A lot is running through your mind when you leave the hospital and bring home a new baby. Whether it is your first, second, etc., or last child, making sure that your beneficiary designations are up to date is likely not a thought on the forefront. Between bottles, diapers, and baby snuggles, it can be easy to forget or delay reviewing and updating your beneficiaries. As a mom to a new baby, I can attest to how easily this important estate planning task can be sidetracked by the more pressing concerns that a newborn brings. New parent or not, let this article be a nudge for you, or share as a healthy reminder to someone you know.
Many of your account’s beneficiary designations can be adjusted during a midnight feeding through your online portal for certain institutions. Others may require specific paperwork that needs to first be requested. You may need to wait until baby’s social security number has been received to submit, but don’t let that keep you from starting. Start at the top of the list and update beneficiaries on each account with baby steps.
• Work Retirement Plans
• IRA Accounts
• HSA Accounts
• Life Insurance policies
• TOD/POD Investment and Bank accounts
• Will and designated guardians
You may run across labeling whether a person/entity/charity is a primary, contingent, or tertiary beneficiary. This is simply listing an order of who will claim to inherit your assets based on who is alive at your passing. A tier of options. Primary, as the name suggest, will be first in line. A contingent or secondary beneficiary, replaces the primary in their absence or if they choose to disinherit. A tertiary beneficiary will inherit if your primary and contingent options are not living or not willing to accept.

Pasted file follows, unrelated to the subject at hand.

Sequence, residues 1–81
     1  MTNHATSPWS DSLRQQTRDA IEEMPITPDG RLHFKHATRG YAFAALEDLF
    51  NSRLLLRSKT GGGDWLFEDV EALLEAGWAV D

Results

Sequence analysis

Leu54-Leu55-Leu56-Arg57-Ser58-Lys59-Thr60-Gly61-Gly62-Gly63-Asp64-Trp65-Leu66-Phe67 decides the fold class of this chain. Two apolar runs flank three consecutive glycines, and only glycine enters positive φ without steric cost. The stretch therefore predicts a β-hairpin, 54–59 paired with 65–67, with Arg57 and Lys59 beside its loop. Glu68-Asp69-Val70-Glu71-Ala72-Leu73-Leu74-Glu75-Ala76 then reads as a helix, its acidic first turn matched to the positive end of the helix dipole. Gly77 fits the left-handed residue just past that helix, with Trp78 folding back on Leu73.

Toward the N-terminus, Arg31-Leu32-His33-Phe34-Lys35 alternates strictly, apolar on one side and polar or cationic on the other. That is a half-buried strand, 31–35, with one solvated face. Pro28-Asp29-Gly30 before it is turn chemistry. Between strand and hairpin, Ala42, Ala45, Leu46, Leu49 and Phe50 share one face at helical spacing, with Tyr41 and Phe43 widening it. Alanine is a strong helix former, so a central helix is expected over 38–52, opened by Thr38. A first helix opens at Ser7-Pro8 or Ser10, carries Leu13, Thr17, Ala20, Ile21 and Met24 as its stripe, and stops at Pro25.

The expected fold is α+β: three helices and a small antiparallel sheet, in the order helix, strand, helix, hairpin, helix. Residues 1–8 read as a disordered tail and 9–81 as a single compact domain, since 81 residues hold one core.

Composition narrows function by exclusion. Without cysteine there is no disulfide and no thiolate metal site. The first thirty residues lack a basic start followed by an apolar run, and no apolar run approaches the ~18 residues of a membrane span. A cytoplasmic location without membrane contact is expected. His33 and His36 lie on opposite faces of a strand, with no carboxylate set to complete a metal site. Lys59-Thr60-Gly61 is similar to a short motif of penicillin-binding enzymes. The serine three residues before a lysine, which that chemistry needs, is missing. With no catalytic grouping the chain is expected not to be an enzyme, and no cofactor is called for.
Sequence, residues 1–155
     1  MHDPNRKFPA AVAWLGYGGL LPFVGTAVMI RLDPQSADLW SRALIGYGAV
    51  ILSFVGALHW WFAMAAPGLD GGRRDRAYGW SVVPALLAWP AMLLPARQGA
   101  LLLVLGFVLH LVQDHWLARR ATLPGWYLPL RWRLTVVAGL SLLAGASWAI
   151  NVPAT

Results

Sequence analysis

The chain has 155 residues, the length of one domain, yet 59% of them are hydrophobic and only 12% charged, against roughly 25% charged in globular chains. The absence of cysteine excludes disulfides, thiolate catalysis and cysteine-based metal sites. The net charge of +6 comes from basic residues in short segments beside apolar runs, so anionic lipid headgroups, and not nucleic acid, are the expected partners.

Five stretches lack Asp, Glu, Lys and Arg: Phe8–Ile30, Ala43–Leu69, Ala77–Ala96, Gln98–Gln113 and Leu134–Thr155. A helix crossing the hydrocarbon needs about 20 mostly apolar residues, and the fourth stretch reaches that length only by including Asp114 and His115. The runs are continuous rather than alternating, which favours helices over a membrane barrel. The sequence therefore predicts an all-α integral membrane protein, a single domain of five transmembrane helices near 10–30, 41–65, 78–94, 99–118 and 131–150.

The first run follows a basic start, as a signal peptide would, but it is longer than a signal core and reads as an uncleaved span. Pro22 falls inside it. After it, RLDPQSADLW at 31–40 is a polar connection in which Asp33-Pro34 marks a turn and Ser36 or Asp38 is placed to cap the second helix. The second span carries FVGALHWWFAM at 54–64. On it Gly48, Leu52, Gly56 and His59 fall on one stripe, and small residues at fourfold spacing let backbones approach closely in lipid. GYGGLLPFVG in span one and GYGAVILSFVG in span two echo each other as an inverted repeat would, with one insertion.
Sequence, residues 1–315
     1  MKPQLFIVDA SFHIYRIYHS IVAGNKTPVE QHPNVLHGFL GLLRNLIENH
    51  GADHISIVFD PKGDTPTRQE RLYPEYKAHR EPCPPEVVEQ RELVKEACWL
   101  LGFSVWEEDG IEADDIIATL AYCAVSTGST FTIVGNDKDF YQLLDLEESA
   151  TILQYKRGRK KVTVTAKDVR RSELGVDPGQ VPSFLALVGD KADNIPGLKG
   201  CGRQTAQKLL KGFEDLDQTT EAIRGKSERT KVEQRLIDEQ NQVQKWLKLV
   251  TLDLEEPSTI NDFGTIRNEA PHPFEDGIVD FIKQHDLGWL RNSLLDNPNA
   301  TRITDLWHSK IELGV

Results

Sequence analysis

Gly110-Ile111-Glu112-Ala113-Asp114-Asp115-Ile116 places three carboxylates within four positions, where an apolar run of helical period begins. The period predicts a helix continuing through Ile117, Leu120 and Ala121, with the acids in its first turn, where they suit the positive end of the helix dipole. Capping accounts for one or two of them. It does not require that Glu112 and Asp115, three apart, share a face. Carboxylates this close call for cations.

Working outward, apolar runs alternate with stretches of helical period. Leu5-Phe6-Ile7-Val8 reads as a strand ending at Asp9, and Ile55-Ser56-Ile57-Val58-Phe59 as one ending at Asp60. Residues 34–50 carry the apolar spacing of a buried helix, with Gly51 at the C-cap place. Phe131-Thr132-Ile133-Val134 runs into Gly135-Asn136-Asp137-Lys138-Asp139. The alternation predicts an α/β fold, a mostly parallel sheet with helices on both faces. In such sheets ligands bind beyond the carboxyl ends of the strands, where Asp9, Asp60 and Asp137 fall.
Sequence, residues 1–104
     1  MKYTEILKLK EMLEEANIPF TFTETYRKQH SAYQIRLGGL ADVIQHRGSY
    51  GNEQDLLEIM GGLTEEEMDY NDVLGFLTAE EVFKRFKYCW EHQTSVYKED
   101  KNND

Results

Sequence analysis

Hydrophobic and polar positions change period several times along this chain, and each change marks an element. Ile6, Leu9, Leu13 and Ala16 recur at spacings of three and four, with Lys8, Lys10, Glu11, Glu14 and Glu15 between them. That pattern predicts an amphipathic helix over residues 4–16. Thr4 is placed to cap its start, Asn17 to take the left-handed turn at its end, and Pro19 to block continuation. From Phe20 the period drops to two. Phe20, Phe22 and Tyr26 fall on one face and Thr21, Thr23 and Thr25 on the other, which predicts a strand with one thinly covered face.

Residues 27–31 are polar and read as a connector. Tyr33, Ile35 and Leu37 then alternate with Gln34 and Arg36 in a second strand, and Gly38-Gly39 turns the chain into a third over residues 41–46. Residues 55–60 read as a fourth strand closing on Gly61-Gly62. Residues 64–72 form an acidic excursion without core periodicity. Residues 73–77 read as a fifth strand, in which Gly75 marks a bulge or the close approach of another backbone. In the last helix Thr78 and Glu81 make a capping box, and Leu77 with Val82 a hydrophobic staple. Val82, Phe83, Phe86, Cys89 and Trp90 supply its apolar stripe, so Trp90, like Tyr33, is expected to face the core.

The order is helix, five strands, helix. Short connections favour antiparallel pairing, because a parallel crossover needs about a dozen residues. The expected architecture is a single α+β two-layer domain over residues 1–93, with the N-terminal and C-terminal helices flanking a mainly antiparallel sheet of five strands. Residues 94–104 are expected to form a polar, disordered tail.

“Per Stirpes” is an additional option available for you to add on one or more of your designees. If you want your assets to flow down a branch of the family equally, in the event of a beneficiary dying before the account owner, consider adding per stirpes. For instance, if one of your primary beneficiaries dies before you, their share of your account will pass to their descendants. Without this additional Latin lingo, all living beneficiaries (on the same tier) will split the inheritance of predeceased beneficiary, potentially cutting out a family line.
An infant and a 15 year old are both minors. They will each need to have an adult act as a custodian on their inherited account in the unfortunate event of your death. Many broker-dealers, banks, and insurance companies allow for a custodian of a minor to be appointed on beneficiary paperwork. Who do you trust to act as a financial guardian of funds left for your child’s benefit? This can be the same or different person that you have named as actual guardian of the minor in your will. Once the child reaches the age of majority (age varies per state), they will be able to accept the account as their own.
Each institution that holds your assets will have a default if you do not fill out their beneficiary form. This could mean that your retirement account may go to your estate and your children could lose significant tax benefits. With baby steps, updating beneficiary designations can be easy to do – the challenge is often remembering to do it.
Published in the Victoria Advocate
Beth Koonce is a CFP® Professional and Lead Advisor with KMH Wealth Management, LLC.